Furthermore, when Molotov’s early attempts to split the French and British away from us on the very touchy Asian and Chinese matter failed, Western solidarity won a tremendous victory, from which Bidault, Eden, and Dulles all derived new strength in their determination to stick together. And toward the end of the Conference, the three Western Ministers hardly needed any signal practice at all in order to compliment each other in reply to Soviet tactics.

Admittedly, my flat statement regarding Molotov’s having lost all his possible customers is quite an oversimplification. The world press’ during the period of the Conference was not 100% for us, nor were all Parliamentarians in Paris, London, Washington, and Bonn uniform in their reactions. There was criticism of what they considered Western intransigence and unwillingness to compromise, but on balance, I believe the oversimplification will stand up. It was interesting to note that some of Molotov’s trial balloons on Asia and on the German referendum never took real root, and never held the headlines for more than 24 hours.

This ruthless and total disregard of public opinion and propaganda dividends on Molotov’s part could not have been accidental. Soviet expert Bohlen several times said that this was a perfect illustration of the Soviet technique that although the Soviets give more thought to propaganda than anyone else, nevertheless when propaganda and policy come into conflict, propaganda is sacrificed [Page 1218] without a second thought. The Molotov behaviour in Berlin certainly confirms the Bohlen thesis.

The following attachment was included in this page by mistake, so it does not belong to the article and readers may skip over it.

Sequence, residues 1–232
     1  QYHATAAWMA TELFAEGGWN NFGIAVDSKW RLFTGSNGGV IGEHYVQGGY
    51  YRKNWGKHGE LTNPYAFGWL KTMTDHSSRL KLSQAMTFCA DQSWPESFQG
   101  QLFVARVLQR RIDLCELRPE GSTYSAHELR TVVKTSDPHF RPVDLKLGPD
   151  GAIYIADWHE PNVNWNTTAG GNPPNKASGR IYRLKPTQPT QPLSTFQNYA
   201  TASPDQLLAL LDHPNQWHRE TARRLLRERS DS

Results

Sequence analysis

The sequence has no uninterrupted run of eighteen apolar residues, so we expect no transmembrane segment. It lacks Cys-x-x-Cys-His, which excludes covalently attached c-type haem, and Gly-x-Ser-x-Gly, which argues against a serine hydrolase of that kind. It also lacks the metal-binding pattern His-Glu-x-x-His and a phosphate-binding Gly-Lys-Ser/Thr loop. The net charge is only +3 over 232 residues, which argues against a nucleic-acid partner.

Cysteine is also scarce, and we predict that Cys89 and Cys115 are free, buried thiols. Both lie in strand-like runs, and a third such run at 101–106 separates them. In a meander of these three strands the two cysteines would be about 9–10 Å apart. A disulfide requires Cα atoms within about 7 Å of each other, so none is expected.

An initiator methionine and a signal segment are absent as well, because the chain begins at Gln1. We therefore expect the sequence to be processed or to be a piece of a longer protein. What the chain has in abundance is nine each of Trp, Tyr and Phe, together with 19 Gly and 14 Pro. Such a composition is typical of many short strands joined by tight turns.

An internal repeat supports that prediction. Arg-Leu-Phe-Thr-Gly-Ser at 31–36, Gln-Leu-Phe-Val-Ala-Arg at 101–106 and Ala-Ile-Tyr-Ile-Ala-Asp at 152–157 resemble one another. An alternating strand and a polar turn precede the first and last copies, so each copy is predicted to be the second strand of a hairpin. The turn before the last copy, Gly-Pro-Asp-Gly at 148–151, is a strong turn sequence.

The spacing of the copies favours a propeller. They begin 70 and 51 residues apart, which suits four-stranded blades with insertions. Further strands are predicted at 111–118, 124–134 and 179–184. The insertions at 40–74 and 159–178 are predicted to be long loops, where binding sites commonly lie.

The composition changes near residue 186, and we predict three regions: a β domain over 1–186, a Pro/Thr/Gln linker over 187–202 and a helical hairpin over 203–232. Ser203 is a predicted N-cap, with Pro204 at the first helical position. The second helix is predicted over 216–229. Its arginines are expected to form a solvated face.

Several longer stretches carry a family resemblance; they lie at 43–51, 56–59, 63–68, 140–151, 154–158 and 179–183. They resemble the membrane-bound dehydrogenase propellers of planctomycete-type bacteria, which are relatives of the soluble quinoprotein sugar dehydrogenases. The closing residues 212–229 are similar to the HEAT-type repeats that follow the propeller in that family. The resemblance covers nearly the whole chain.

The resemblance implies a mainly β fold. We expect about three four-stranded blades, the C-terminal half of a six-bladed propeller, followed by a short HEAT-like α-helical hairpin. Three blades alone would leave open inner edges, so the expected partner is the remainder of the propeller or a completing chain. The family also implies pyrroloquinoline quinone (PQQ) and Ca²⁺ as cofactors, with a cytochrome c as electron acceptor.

What, then, was this overriding policy point which controlled everything?

It was a military point. And whether the Soviet military dictated to the Soviet civilians, or whether the Soviet civilians thought that self-preservation indicated reliance on military considerations is not really important. Whoever thought of it first, the fact remains that military considerations controlled.

This was particularly obvious in the case of the Austrian Peace Treaty.

What was at stake here? Certainly the loss of 7-million easygoing Austrians without overwhelmingly important agriculture or industry could not be considered a major threat to the USSR. Furthermore, although the letter of Treaties with Hungary and Rumania called for the withdrawal of Soviet troops from those two countries once peace was concluded with Austria, a simple invitation from the Hungarian and Rumanian puppet regimes to have Soviet troops remain would easily have taken care of that problem.